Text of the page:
Iran likely to nudge India on oil exports

Iran likely to nudge India on oil exports


Chabahar, regional connectivity and Afghanistan on agenda for talks on sidelines of SCO summit

Chabahar, regional connectivity and Afghanistan on agenda for talks on sidelines of SCO summit

Iran will nudge India towards reviving its procurement of discounted Iranian sweet crude during a meeting between Prime Minister Narendra Modi and Iranian President Ebrahim Raisi that is likely to take place this Friday on the sidelines of the Shanghai Cooperation Organisation (SCO) summit in Samarkand. This will be the first time the two leaders will meet since Mr. Raisi’s election last year, as Iran joins the SCO as a member this year, and the question of India’s oil imports from Iran, which were cancelled in 2018-2019, as well as the next stage of Chabahar port development, regional connectivity and Afghanistan are all expected to be on the agenda for bilateral talks.

According to an official in Mr. Raisi’s office, the Iranian leader is expected to also meet Russian President Vladimir Putin, Chinese President Xi Jinping and Turkish President Recep Tayyip Erdogan on the sidelines of the summit. The Ministry of External Affairs has not confirmed which leaders Mr. Modi will meet separately, but he is widely expected to meet President Putin, President Raisi and Uzbekistan President Shovkat Mirziyoyev. All eyes will be on any contact or engagement with the Chinese President, their first since the LAC military stand-off began and Pakistan Prime Minister Shehbaz Sharif, whom he would be meeting for the first time since he took over.

Preparations for the meeting were discussed during a telephone conversation between External Affairs Minister S. Jaishankar and Iranian Foreign Minister Hossain Amir-Abdollahian on September 5, as well as a meeting between Iranian Ambassador to India and Mr. Jaishankar on the same day.

Sanctions threat

The discussion over India’s oil purchases from Iran has been revived four years after New Delhi decided to “zero out” or cancel its oil imports of Iranian sweet crude under the threat of U.S. sanctions. However, soaring oil prices and the U.S.’s current focus on sanctions against Russia may trigger a rethink, analysts have suggested.

When asked, an Iranian official said India’s decision to buy oil was a purely sovereign decision, but added that “illegal, unilateral sanctions” should not weigh with India.

“India and Iran, like other countries, have their own friends and specific relations. But we should not allow third parties to jeopardise or determine our own mutual ties, shared interests and cordial relations,” the official told The Hindu, in a reference to India’s 2018 decision.

The two leaders are also likely to discuss the next steps in developing Chabahar port’s Shahid Beheshti terminal run by India, and the possibility of linking it to the International North South Transport Corridor. In his address to the SCO on Friday morning, Mr. Modi is expected to focus on the need to make Chabahar an important part of trade in the region. Speaking to journalists in Tashkent, Indian Ambassador Manish Prabhat said two rounds of talks of the Uzbekistan-Iran-India trilateral had already been held and a third round would be held soon.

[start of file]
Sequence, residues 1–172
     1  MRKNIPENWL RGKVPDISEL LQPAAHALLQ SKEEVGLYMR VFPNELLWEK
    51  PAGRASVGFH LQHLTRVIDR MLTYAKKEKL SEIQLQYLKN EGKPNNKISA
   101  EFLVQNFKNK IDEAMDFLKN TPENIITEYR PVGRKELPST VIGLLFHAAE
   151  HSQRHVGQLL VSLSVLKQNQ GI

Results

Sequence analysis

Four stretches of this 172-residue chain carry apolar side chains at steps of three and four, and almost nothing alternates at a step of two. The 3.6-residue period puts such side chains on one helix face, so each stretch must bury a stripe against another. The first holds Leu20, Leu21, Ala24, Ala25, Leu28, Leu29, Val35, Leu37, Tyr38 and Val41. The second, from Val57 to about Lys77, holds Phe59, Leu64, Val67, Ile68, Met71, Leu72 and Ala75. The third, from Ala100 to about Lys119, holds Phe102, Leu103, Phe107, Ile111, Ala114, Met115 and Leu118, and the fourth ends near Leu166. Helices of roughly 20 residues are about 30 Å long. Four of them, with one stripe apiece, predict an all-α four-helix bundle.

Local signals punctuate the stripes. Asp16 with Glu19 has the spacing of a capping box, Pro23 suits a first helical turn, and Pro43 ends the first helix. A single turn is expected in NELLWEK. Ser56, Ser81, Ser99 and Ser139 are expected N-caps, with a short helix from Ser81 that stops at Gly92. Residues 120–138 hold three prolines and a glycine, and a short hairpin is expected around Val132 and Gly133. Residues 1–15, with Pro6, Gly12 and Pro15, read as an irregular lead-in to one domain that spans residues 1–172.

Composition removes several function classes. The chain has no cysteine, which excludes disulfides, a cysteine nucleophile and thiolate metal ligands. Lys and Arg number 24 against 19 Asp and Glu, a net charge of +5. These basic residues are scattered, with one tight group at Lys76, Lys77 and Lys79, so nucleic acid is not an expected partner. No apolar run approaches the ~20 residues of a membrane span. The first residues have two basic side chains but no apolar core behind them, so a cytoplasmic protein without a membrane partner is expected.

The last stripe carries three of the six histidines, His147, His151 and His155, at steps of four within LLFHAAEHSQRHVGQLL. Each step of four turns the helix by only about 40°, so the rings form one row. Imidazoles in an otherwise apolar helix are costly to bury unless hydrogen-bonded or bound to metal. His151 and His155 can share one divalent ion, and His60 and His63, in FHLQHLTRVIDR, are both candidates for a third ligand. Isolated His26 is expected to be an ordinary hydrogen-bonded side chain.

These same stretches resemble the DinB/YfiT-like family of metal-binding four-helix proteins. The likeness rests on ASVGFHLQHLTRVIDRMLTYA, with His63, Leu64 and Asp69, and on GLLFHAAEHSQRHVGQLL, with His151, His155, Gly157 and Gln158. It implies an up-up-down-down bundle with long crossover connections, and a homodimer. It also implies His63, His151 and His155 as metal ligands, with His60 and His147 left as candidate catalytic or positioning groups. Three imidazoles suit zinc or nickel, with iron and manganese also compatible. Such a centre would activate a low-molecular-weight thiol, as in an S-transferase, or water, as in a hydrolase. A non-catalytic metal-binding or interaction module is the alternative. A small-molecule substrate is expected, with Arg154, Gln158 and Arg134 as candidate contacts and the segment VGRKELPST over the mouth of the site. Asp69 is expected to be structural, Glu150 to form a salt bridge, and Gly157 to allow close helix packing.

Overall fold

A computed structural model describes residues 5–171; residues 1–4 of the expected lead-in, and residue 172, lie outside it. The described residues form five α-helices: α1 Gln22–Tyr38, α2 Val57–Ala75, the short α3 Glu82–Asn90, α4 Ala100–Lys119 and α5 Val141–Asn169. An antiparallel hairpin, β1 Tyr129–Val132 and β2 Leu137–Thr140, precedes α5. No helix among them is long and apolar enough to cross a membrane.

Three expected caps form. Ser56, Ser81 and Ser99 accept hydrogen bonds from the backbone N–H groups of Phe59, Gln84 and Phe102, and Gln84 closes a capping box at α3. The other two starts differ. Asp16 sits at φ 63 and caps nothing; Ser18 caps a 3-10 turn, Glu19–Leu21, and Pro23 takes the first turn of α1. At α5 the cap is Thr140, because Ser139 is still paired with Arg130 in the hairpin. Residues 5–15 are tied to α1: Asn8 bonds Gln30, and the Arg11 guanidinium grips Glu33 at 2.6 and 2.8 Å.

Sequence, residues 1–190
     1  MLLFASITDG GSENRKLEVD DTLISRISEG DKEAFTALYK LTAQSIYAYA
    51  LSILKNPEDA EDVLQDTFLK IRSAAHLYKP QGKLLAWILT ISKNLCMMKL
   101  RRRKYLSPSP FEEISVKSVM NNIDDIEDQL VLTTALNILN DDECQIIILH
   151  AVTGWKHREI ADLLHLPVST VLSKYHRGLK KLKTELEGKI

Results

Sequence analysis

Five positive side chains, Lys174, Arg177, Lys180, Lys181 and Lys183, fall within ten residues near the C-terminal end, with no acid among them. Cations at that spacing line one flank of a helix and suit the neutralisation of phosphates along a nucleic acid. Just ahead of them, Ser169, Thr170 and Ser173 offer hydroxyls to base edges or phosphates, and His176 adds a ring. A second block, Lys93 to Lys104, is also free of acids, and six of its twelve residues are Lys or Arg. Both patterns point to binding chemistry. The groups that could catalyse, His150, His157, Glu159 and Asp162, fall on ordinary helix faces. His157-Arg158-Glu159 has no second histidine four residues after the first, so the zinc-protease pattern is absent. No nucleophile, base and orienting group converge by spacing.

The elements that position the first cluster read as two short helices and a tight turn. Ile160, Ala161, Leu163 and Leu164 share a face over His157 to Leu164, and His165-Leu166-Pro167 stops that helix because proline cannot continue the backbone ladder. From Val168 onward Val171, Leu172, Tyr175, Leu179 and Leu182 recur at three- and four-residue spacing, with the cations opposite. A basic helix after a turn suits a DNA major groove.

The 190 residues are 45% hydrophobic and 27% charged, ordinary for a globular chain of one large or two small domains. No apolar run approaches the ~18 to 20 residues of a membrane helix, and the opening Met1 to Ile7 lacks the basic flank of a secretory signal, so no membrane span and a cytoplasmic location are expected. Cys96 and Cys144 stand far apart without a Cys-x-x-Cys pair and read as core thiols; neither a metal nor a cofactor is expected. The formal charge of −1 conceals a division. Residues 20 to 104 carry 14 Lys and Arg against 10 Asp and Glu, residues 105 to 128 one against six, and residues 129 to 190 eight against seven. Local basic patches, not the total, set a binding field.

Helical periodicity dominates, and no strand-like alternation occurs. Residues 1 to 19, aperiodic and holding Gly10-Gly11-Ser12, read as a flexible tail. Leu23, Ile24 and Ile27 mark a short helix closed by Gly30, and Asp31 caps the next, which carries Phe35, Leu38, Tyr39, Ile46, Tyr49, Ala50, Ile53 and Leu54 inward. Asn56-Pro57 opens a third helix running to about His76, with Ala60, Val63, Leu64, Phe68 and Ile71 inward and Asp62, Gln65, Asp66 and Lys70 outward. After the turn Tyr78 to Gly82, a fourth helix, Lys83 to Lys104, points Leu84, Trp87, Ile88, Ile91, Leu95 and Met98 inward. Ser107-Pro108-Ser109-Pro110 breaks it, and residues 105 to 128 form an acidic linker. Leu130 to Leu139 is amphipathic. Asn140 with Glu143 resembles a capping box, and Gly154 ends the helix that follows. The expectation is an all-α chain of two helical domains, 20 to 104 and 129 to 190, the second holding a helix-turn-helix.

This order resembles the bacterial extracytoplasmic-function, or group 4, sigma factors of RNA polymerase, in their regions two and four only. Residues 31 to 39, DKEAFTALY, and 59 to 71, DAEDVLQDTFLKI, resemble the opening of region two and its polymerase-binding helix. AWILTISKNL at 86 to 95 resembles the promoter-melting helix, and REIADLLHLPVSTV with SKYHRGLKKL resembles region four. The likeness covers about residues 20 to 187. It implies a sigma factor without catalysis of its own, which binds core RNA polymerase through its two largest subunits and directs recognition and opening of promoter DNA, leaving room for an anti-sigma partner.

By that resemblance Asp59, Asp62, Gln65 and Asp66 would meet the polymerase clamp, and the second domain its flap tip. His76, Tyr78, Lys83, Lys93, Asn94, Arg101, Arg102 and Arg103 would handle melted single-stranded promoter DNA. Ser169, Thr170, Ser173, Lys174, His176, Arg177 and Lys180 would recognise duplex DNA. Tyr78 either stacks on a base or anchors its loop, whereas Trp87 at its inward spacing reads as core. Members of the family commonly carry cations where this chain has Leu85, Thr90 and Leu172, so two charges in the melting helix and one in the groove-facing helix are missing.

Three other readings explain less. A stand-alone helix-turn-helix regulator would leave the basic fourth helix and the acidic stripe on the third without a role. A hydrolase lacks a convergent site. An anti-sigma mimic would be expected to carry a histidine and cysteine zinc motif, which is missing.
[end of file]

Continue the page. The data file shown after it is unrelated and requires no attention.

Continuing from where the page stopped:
A ‘connectivity hub’

“Chabahar port is now not a stand-alone initiative, it has become a focal point in the entire INSTC framework. And once that happens, all the partner-countries will benefit a lot,” Mr. Prabhat said, calling Chabahar a “connectivity hub” for the SCO region, which makes up about half of the world’s population. He referred to the “Trans-Afghan railway” as a project that is generating interest as he said more economic activity in the region would lead to more stability.

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Sources said India and Iran are also working on a long-term agreement on the management of the Chabahar terminal, which has run into trouble over arbitration issues, given that the Iranian government has said that it is bound by its constitution to hold any dispute resolution for such projects in Iranian courts, while India is holding out for arbitration in a third country, should disputes arise.

According to the programme outlooked, Mr. Modi will land in Samarkand on Thursday evening, as the SCO informal dinner gets under way, with leaders of Russia, China, Pakistan, Kazakhstan, Kyrgyzstan, Tajikistan, host Uzbekistan and new entrant to the SCO, Iran. Leaders of Belarus, Turkey and Turkmenistan, Azerbaijan, Armenia, Mongolia will also attend the summit as special invitees. Afghanistan, which is an SCO observer state, has not been invited to the summit as the Taliban regime is not recognised internationally. On Friday, they will attend the SCO summit in the morning, followed by a “family photo-op”, after which Mr. Modi will have a number of bilateral meetings with leaders present, officials said.